In Alaska, bears in your backyard aren’t the only thing to worry about—the upfront cost to have a kid is also alarming.
- Average childbirth medical expenses: $11,729
- The average cost of infant daycare per year: $10,957
- Total cost: $22,686
The least expensive states to be a new mom
Mississippi is the first of four southern states to snag a spot on our five cheapest places to become a new mom—and in comparison to costs in many northeastern states, there’s a stark difference.
On average, it costs $11,364 to have a baby in the Magnolia State. The cost in Washington, DC ($29,355) is more than double that.
To break it down further, daycare costs in Mississippi teeter around $5,000 per year, which is almost—wait for it—five times cheaper than DC’s average ($22,631).
- Average childbirth medical expenses: $6,542
- The average cost of infant daycare per year: $4,822
- Total cost: $11,364
When it comes to low childbirth and daycare costs, Alabama isn’t far behind its Mississippian neighbor. Alabama’s average cost of infant care is $5,637, which ends up being in the ballpark of $470 per month.
Roll tide, right?
- Average childbirth medical expenses: $5,885
- Average cost of infant daycare per year: $5,637
- Total cost: $11,522
At $12,103 a year, Louisiana’s childbirth and childcare costs combined are cheaper than daycare costs alone in DC, Massachusetts, New York, and Connecticut.
(And let’s be real: less money spent on these bills means more cash to splurge on beignets.)
- Average childbirth medical expenses: $6,356
- The average cost of infant daycare per year: $5,747
- Total cost: $12,103
Birthplace of the late and great Johnny Cash and home to the World Championship Duck Calling Contest (#themoreyouknow), Arkansas is also one of the most affordable spots to have a baby.
In fact, the overall cost to become a first-time mama in Arkansas is cheaper than New York’s average cost ($14,144) to put a little one through a year of daycare.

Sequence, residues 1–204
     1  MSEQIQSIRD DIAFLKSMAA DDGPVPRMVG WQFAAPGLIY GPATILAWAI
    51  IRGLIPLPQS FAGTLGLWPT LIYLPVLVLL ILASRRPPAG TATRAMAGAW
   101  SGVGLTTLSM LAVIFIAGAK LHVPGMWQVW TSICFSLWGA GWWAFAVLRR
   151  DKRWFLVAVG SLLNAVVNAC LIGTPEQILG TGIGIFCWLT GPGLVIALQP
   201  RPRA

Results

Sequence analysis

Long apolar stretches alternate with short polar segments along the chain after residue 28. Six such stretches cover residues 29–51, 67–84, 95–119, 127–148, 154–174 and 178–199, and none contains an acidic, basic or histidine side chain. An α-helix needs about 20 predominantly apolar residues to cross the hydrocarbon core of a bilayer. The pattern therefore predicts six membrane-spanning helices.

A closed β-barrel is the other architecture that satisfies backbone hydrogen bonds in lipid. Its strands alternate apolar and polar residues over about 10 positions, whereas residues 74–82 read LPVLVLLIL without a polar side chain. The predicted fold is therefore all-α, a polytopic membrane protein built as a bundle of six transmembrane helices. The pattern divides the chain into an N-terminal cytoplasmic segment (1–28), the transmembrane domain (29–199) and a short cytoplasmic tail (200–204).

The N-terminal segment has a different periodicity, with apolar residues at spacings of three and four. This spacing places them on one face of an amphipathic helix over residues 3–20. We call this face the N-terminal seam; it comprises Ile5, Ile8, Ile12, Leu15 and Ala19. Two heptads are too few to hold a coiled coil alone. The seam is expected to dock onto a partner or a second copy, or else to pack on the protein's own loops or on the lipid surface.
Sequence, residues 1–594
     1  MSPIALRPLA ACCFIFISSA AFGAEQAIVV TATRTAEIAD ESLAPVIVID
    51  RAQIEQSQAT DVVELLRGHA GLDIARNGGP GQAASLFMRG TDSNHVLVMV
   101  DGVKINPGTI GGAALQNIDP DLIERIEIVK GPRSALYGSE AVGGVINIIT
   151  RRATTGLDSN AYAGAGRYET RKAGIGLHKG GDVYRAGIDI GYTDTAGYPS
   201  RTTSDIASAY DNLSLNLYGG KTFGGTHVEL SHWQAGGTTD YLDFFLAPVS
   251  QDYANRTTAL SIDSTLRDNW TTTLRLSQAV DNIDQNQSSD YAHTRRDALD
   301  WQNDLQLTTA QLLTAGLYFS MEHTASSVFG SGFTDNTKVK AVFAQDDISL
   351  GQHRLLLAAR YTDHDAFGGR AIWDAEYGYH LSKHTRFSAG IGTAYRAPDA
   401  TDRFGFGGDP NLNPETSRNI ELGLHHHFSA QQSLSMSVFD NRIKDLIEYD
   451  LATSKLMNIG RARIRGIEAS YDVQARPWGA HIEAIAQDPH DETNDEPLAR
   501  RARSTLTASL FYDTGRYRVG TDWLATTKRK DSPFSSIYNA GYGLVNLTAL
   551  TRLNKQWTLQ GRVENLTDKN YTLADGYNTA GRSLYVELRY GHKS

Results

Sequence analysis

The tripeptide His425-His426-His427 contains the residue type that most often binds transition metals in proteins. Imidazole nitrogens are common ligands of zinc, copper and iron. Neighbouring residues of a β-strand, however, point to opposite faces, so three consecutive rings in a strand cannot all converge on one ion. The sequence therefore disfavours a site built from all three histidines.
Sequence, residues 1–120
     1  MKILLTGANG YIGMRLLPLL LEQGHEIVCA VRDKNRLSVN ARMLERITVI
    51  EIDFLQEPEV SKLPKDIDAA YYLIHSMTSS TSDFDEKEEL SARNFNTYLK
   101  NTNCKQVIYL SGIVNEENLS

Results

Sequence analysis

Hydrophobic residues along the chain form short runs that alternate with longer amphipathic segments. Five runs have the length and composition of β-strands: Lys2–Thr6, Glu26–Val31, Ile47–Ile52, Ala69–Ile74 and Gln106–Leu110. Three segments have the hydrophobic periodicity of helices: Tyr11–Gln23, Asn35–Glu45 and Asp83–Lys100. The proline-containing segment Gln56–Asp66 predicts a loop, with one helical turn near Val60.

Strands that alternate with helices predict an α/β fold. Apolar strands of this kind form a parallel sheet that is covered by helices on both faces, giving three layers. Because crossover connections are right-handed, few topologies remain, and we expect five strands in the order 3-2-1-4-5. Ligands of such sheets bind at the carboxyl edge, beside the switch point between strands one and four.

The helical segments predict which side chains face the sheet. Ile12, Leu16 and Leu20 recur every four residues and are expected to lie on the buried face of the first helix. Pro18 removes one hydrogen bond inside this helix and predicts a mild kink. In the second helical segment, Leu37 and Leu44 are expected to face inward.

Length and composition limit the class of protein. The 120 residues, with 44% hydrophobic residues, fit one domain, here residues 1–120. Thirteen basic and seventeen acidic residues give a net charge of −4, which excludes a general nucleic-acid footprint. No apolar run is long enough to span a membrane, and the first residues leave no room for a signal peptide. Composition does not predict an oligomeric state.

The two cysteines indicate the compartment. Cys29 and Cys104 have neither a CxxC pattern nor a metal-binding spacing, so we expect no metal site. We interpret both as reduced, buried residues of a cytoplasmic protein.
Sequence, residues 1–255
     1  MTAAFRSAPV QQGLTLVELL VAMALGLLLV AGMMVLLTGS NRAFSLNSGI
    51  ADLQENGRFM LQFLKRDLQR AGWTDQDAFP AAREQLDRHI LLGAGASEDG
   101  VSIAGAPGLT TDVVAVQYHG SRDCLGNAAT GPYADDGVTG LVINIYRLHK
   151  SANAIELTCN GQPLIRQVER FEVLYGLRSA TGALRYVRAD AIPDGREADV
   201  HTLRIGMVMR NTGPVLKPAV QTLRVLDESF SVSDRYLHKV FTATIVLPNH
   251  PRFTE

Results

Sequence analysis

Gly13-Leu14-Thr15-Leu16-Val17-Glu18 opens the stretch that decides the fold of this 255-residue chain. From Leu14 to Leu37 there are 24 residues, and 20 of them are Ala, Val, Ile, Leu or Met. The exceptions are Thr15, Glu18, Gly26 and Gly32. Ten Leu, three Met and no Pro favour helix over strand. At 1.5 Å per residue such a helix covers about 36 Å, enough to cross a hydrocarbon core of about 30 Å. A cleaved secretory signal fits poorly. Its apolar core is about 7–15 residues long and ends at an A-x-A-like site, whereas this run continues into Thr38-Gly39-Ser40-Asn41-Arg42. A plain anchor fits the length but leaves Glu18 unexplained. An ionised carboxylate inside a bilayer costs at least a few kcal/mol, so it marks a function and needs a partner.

- Average childbirth medical expenses: $6,379
- The average cost of infant daycare per year: $5,995
- Total cost: $12,374
#5. South Dakota
Step aside, Mount Rushmore—you’re not South Dakota’s only claim to fame. South Dakota has the fifth highest birth rate per capita of any US state,6 and higher birth rates tend to correlate with a lower cost of childbirth.
Clearly, South Dakota’s high birth rate pays off. Plus, your kids will have plenty of playmates—and you’ll have a slew of neighborhood babysitters to choose from next time you need a night out.
Average childbirth medical expenses: $6,986
- Average cost of infant daycare per year: $5,661
- Total cost: $12,647
Each state’s cost to be a first-time mom
|Rank and state||Childbirth medical expenses||Infant daycare cost||Total cost|
|1. District of Columbia||$6,724||$22,631||$29,355|
|3. New York||$9,880||$14,144||$24,024|
|6. New Jersey||$10,581||$11,810||$22,115|
|14. New Hampshire||$7,893||$11,810||$19,703|
|15. Rhode Island||$6,340||$12,867||$19,207|
|27. North Carolina||$7,293||$9,255||$16,548|
|32. North Dakota||$7,588||$8,217||$15,805|
|36. New Mexico||$7,097||$7,942||$15,039|
|39. West Virginia||$6,718||$7,926||$14,644|
|42. South Carolina||$7,281||$6,475||$13,756|
|47. South Dakota||$6,986||$5,661||$12,647|
Here are the data points Move.org analyzed to determine the most and least expensive states to become a new parent:
- Average cost of infant day care for one year
- Weighted childbirth cost
- Uncomplicated vaginal births (68%)
- Caesarean births (32%)
We used 2017 data on the number of vaginal births and C-sections in the US to weight the cost of childbirth. Generally, these figures include prenatal care.
Our weighted averages don’t account for complicated vaginal births, though, which can cause costs to skyrocket.
C-sections, while less common than vaginal births, tend to be significantly more expensive as well.
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Centers for Disease Control and Prevention, “Births – Method of Delivery”
Economic Policy Institute, “Childcare costs in the United States”
Transforming Maternity Care, “Average Charges for Giving Birth: State Charts”
The Motley Fool, “15 States with the Highest Cost of Living”
United States Census Bureau, “Birth Rates Vary From State to State”